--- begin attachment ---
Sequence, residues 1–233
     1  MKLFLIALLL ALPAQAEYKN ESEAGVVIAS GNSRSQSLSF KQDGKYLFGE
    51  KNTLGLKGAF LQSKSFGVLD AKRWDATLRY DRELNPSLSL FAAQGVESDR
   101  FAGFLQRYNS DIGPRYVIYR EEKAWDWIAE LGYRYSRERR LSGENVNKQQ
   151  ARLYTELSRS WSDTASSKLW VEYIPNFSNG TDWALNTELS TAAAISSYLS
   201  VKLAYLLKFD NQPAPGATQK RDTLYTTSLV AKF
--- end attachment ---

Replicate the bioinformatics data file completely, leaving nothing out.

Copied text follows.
Sequence, residues 1–233
     1  MKLFLIALLL ALPAQAEYKN ESEAGVVIAS GNSRSQSLSF KQDGKYLFGE
    51  KNTLGLKGAF LQSKSFGVLD AKRWDATLRY DRELNPSLSL FAAQGVESDR
   101  FAGFLQRYNS DIGPRYVIYR EEKAWDWIAE LGYRYSRERR LSGENVNKQQ
   151  ARLYTELSRS WSDTASSKLW VEYIPNFSNG TDWALNTELS TAAAISSYLS
   201  VKLAYLLKFD NQPAPGATQK RDTLYTTSLV AKF